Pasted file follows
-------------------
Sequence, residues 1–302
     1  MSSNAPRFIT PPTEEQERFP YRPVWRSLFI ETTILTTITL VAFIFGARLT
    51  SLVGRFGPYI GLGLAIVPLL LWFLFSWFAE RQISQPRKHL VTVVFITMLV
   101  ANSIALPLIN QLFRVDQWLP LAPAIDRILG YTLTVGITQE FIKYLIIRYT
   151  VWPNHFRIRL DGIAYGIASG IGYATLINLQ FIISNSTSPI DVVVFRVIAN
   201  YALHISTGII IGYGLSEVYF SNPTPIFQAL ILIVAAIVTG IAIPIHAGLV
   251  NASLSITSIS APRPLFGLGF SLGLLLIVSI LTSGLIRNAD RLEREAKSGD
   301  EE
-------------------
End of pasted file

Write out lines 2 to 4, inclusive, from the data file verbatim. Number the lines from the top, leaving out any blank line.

     1  MSSNAPRFIT PPTEEQERFP YRPVWRSLFI ETTILTTITL VAFIFGARLT
    51  SLVGRFGPYI GLGLAIVPLL LWFLFSWFAE RQISQPRKHL VTVVFITMLV
   101  ANSIALPLIN QLFRVDQWLP LAPAIDRILG YTLTVGITQE FIKYLIIRYT